2015 Yearbook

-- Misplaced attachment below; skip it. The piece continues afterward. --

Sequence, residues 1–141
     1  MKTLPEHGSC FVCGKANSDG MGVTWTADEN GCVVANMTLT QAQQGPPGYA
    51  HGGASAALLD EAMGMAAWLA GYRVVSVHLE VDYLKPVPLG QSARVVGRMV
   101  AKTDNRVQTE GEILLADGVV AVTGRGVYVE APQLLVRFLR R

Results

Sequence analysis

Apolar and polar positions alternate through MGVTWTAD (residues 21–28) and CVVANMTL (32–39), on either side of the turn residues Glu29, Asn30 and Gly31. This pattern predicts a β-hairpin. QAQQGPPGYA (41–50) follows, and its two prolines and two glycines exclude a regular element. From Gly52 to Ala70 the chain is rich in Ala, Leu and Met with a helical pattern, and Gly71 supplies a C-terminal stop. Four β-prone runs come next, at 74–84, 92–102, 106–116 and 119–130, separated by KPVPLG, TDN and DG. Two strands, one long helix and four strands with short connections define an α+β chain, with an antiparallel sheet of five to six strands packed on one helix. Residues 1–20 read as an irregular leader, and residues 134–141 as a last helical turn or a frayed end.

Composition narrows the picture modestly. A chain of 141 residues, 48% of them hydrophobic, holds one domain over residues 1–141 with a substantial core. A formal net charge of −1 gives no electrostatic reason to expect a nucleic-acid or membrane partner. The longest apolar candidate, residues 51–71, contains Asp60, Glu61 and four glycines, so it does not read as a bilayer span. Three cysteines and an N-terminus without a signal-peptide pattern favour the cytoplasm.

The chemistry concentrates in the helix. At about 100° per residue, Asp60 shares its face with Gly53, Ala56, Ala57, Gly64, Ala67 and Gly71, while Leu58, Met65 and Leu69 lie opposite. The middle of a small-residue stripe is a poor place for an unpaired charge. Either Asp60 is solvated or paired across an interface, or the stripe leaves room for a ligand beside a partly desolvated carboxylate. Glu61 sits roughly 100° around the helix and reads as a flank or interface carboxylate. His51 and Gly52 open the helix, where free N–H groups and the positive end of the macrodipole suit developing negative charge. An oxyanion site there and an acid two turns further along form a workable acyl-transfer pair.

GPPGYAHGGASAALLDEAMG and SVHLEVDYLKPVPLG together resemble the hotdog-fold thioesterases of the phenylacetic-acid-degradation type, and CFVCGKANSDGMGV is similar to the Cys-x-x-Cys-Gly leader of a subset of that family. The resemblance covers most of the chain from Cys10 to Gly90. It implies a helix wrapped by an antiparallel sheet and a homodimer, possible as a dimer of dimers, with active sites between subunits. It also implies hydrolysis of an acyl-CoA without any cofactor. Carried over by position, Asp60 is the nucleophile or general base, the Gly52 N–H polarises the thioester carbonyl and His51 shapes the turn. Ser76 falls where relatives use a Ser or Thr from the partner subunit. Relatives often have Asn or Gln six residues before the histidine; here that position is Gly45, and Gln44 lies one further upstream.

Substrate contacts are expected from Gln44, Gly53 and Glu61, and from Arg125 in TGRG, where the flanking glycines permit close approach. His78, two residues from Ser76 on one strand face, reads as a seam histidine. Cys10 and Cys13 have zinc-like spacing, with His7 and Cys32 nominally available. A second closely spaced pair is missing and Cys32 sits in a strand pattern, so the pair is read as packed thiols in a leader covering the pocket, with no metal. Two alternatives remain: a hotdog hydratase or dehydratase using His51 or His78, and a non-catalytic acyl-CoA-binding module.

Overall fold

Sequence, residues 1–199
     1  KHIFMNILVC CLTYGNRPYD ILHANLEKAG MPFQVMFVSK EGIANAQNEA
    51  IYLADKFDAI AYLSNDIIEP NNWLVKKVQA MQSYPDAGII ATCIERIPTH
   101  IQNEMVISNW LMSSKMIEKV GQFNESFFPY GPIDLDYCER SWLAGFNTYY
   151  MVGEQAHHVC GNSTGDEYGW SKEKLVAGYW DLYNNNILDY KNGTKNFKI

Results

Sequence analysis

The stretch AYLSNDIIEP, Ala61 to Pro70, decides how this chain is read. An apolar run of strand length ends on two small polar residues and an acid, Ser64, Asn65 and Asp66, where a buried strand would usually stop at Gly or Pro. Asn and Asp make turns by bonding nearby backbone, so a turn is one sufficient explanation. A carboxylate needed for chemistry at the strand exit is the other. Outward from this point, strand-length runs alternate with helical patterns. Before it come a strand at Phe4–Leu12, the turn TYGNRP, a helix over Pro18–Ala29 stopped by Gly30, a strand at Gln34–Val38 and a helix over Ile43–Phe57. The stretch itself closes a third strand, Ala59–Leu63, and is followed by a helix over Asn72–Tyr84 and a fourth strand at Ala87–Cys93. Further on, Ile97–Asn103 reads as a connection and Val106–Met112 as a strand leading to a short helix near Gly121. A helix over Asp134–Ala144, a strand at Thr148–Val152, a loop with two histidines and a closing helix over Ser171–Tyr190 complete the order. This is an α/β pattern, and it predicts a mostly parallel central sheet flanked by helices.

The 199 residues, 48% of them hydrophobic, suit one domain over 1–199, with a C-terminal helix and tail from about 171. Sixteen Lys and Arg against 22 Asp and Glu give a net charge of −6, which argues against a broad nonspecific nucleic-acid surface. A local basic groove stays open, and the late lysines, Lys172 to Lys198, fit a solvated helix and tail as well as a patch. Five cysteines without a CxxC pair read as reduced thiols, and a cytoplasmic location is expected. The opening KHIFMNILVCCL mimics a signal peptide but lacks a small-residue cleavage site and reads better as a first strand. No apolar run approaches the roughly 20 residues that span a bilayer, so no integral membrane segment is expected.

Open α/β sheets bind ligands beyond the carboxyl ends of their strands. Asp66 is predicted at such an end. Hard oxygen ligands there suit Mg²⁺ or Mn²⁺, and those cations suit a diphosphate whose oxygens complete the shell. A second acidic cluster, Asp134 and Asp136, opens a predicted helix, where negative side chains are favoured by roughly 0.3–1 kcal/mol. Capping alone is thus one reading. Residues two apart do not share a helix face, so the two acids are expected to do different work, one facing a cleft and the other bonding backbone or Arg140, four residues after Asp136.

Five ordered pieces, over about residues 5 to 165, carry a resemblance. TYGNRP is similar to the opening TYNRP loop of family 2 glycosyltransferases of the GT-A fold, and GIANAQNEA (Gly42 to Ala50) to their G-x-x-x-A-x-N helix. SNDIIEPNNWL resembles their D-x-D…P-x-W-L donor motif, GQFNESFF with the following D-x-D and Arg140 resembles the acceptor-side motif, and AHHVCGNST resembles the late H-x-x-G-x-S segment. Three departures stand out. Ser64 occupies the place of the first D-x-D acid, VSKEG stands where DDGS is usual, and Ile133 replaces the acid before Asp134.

44 Y E A R B O O K 2 0 1 5 followers you have, making cultural connections is more about the quality of interaction than the quantity. FACEBOOK Facebook can be used professionally as well as personally. The IHBC has a Facebook page and if you have your own business or undertake freelance projects it can be a useful tool. Facebook groups are ideal for student projects or community ‘friends of’ type activities (you can change the privacy settings to ensure the appropriate level of visibility). Facebook messaging is useful for keeping in touch informally, or you may choose to follow companies or organisations of interest. THE POWER OF IMAGES There are many image-sharing sites and these can be used to share illustrations and infographics as well as photos. In Flickr you can create pools of images and photo albums and join or establish groups of contributors. Instagram is a photographic social networking site which allows you to apply photo filters and edit images before you upload. You’ll also find many other free image editors online. People like to see ‘behind the scenes’ so you could try photographing site finds or team groups. If you are a visual thinker you could experiment with sites such as Pinterest, Blipfoto and Tumblr to record your work highlights. VIDEO Vine can be a useful tool for site visits and soundbites. It allows you to create six-second looping videos using a smartphone. While YouTube and Vimeo are the most commonly used video sites, Instagram and Twitter apps also have video recording functions and Flickr allows you to upload short videos. Smartphone apps such as YouTube Capture allow you to record video and then edit and upload it from your phone using a Wi-Fi connection. Filming an open-day or community consultation can help those unable to attend to contribute. Video is also good for showcasing projects, you could also experiment with including a mixture of images and video (for example charting work in progress). You may also like to try vlogging, which involves filming and posting your thoughts on an event. The IHBC has recently been using video to record reflections on events and asking people to tell the story of how they got into conservation. Why not record your own and share it? BLOGGING The IHBC’s NewsBlog service provides twice weekly round-ups of current noteworthy stories. You might like to share some of these stories on your own social media accounts or create your own blog. IHBC members come from many different sectors and backgrounds; a professional blog can portray all of your personal interests (like a virtual portfolio) or highlight current work (a student project, for example). Blogging can also be used for reflective practice by logging your thoughts on events, or collating images and social media posts which you and others have created (such as a conference review). Blog posts don’t have to be written, they could be a collection of images from a conservation area you have surveyed, images of inspirational architecture or a collection of quotations. A company blog might highlight achievements and awards and put ‘names to faces’, creating a more personal approach. COLLABORATION TOOLS There are many freely available tools to help you work with others online. Google Drive allows you to create documents and presentations and edit at the same time with others, tracking changes as you go. Storage facilities like Dropbox and Onedrive allow you to share larger files while controlling who can access them. Video conferencing tools such as Skype, Google Hangout or Firefox Hello can also be useful when you cannot make a meeting in person. CPD AND ARCHIVING Some focussed time set aside to browse professional networks and connect with like-minded people can help you keep up to date with current issues or seek out new CPD opportunities. Social media can be a useful way to find out about cultural events happening near you, while contributing to debates on Twitter or following news of a current amenity body campaign can update your knowledge and extend your cultural network. Why not try ‘virtual attendance’ at a conference by following the event hashtag? Tools such as Flipboard and Storify can be useful to archive Tweets and blog posts by topic or date. You can curate your own story based on online resources you have found or your own contributions to an event, and share these on other social networks. You could also collate information privately, saving it to your own computer in word processing software or apps such as Evernote (not everything needs to be public!). FUNDRAISING AND PUBLICITY Heritage projects are increasingly harnessing the power of crowd- funding and social media. Tools such as Thunderclap and Twibbons can also be used to spread awareness and encourage people to publicise their support for your cause. Recent research by the charity Nesta ( Understanding Alternative Finance , 2014) recommended that the heritage sector should diversify its funding streams through more inventive sources. Online tools can play a part in this financial sustainability. YOUR DIGITAL FOOTPRINT Social media can be useful at any stage of your heritage career and you can use it in your own way. You may decide to ‘observe’ other people’s content by reading online articles or posts, or become a content creator, posting and sharing your own photographs, videos or blogs. Why not join the IHBC on LinkedIn, Facebook or Twitter and start creating and curating your own professional digital footprint? Alison McCandlish is IHBC NewsBlogs consultant, a PhD student in cultural planning at the University of the West of Scotland and creative director of Crenellated Arts, a consultancy which specialises in illustration and digital interpretation for arts and heritage projects.